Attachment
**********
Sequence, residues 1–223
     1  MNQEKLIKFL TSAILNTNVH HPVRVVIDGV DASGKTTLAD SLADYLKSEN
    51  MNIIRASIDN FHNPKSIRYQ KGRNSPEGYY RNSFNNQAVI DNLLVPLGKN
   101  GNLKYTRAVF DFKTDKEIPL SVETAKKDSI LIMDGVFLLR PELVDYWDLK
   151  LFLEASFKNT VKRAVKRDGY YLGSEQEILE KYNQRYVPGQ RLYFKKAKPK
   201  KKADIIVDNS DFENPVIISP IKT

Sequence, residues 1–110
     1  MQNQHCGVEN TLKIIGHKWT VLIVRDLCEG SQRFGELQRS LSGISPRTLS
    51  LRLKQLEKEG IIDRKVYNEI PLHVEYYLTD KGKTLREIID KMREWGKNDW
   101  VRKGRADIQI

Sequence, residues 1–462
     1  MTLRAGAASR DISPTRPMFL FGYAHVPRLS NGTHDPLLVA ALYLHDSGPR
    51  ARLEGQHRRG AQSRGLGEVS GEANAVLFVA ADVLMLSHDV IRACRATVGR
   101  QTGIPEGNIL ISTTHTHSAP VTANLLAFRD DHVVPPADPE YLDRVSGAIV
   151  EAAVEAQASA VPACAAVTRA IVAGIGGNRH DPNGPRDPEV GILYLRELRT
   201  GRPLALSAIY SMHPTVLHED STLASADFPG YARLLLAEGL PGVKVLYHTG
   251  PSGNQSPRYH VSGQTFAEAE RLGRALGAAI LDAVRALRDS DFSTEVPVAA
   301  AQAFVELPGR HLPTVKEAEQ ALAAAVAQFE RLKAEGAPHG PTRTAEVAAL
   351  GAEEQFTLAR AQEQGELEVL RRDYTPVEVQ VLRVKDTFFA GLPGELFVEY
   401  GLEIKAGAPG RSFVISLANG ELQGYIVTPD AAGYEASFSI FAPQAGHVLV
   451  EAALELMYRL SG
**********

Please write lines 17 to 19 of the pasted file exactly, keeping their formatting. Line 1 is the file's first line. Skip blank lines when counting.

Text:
   251  PSGNQSPRYH VSGQTFAEAE RLGRALGAAI LDAVRALRDS DFSTEVPVAA
   301  AQAFVELPGR HLPTVKEAEQ ALAAAVAQFE RLKAEGAPHG PTRTAEVAAL
   351  GAEEQFTLAR AQEQGELEVL RRDYTPVEVQ VLRVKDTFFA GLPGELFVEY